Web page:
increase in population and employment densities yields anywhere between a 5
and 8 percent increase in transit ridership, controlling for other factors
(such as the lower incomes, restricted parking, and better transit services
generally associated with more compact settings)
[72,67,91,80]. Studies also
consistently show that transit demand rises most sharply when going from
very low to modest densities—say, from 4 dwelling units per net
residential acre to 10 to 15 units per acre—that is, from settings with
quarter-acre spacious home sites to ones with mixes of small-lot detached
units and duplexes/triplexes [52,36,15].
Australian cities are less dense than their American counterparts and have
more road capacity per capita, yet still average 44 percent more transit
trips per capita, mainly due to substantially higher quality transit
services (see the Melbourne and Adelaide cases in this book).
- He has a good discussion of the Newman and Kenworthy (1989) debate
A recent analysis of work trips across eleven large U.S. metropolitan areas
showed that having stores between a transit stop and one's residence
increased the share of work trips via transit by several percentage points.
. Conveniently sited retail outlets meant transit riders could do
their shopping en route home in the evening, thus linking work and shop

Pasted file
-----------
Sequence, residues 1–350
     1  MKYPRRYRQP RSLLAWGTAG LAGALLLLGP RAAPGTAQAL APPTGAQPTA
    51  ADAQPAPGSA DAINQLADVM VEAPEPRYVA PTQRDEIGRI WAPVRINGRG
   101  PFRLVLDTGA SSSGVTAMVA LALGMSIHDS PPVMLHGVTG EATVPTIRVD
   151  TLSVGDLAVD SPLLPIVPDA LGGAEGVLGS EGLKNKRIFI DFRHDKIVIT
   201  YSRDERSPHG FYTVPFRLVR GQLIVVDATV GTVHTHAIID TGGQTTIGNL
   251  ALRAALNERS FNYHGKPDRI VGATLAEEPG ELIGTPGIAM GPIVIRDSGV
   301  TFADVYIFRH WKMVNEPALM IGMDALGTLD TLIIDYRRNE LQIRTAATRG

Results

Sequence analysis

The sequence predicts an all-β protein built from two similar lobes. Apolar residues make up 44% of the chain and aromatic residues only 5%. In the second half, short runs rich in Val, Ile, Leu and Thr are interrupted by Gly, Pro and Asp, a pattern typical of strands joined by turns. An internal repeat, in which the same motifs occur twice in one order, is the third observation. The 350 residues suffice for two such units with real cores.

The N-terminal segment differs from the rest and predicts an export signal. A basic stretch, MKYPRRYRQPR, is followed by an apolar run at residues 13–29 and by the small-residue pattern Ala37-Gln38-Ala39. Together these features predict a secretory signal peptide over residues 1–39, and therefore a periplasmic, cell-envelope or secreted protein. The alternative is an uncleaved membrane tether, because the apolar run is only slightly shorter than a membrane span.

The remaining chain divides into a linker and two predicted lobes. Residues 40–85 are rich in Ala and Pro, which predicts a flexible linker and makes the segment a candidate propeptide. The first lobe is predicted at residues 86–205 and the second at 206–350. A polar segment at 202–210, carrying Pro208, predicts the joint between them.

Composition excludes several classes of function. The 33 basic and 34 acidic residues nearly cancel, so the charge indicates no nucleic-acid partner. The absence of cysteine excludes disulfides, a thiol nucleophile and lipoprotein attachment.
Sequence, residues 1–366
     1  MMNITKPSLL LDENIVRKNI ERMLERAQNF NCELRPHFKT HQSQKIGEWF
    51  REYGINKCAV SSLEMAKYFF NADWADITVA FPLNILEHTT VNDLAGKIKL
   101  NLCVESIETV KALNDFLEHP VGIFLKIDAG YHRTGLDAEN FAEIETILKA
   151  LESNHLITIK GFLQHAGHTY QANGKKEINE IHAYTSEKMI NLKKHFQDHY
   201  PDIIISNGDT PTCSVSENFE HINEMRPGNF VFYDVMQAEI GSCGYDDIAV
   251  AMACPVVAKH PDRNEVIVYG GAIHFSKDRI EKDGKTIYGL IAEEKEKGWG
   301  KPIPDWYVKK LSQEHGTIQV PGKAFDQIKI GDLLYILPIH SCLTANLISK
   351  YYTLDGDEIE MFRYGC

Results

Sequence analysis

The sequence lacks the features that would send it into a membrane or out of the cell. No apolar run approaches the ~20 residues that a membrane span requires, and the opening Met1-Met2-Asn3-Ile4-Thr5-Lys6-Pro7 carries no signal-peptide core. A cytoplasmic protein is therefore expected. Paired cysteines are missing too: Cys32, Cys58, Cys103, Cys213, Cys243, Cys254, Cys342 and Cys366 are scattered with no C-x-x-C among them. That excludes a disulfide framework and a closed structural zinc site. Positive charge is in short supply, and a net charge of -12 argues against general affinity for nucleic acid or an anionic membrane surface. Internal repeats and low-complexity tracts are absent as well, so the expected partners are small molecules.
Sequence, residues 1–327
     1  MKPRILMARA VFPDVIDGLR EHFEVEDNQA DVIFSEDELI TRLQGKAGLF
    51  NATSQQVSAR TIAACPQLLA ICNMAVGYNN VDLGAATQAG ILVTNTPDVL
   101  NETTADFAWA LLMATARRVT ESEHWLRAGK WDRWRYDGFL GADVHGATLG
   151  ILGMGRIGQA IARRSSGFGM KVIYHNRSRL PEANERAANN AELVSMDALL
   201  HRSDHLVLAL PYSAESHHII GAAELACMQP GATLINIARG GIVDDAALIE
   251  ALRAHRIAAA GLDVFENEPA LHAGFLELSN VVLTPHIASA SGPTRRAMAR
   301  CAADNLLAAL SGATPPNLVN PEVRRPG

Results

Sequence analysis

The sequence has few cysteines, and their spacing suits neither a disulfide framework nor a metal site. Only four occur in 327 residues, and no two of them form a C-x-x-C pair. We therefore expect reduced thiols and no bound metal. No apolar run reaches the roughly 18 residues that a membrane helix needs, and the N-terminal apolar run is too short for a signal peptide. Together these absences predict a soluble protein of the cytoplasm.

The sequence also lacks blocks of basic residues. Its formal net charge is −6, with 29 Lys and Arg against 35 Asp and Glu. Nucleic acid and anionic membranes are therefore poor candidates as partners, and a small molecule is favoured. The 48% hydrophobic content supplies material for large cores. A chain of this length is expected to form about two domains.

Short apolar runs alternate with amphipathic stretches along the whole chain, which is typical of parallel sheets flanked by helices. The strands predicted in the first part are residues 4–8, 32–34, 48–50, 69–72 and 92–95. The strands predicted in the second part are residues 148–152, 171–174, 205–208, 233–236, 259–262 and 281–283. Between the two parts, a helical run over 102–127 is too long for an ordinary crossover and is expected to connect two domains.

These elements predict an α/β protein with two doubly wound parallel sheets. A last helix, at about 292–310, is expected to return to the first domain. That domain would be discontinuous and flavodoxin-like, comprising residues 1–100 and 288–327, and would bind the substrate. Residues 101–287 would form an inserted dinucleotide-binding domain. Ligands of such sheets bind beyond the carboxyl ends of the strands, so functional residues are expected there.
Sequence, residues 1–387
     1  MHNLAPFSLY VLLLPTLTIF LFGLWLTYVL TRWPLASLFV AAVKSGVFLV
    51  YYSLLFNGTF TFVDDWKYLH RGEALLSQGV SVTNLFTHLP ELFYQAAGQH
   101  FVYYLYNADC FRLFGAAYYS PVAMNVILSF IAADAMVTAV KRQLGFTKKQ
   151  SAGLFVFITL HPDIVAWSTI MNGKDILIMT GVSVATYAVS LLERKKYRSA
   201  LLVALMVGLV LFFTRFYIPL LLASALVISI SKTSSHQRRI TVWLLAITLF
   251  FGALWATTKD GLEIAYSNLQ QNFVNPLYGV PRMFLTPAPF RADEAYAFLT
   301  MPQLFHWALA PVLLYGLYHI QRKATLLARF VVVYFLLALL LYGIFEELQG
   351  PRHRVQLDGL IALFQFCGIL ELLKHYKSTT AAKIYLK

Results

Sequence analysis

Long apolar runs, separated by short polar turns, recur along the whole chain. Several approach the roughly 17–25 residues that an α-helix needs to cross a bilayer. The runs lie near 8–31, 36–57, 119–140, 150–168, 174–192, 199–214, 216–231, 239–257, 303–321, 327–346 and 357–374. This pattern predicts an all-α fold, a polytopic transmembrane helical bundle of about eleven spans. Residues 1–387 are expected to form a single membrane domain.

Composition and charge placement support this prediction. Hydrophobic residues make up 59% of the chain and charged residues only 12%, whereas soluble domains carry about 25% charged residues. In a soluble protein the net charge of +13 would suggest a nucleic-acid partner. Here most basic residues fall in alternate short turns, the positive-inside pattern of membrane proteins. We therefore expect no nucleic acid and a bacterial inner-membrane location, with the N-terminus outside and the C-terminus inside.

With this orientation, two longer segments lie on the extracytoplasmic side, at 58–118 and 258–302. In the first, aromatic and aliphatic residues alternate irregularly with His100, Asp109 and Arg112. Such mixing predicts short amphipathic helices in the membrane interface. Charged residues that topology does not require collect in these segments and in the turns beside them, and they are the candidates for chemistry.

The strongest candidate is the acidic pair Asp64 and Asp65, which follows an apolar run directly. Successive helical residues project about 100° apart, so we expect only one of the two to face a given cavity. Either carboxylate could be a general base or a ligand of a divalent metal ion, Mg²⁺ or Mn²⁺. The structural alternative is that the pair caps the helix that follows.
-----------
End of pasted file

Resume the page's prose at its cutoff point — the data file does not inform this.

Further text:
trips in a single tour.
- He notes that San Diego apparently uses performance-based development
guidelines instead of zoning (p. 77)
One can find many examples of compact, mixed-use cities with active street
life—Bangkok, Jakarta, and São Paulo come to mind—that are hardly
paragons of sustainable development. What is often missing is good-quality
Research in New South Wales concluded that TDM policies coupled with
jobs-housing balance and mixed-use development will have a greater effect
on reducing greenhouse gas emissions than urban consolidation policies that
might have to wait a half-century or so for significant payoff
- John Holtzclaw  gets the credit for the
location-efficient mortgage idea (pp. 80,103)
[In Bremen, Germany] a new complex of 200 apartments and homes,
Bremen-Hollerland, accepts only tenants and homeowners who renounce car
ownership. [...] The program has been legally challenged by land developers
who fear that forbidding car possession through restrictive covenants could
significantly affect the market value of affected housing.
[106, p. 131].
[pp. 80, 103]
Several dozen studies have investigated the land-use and urban-form impacts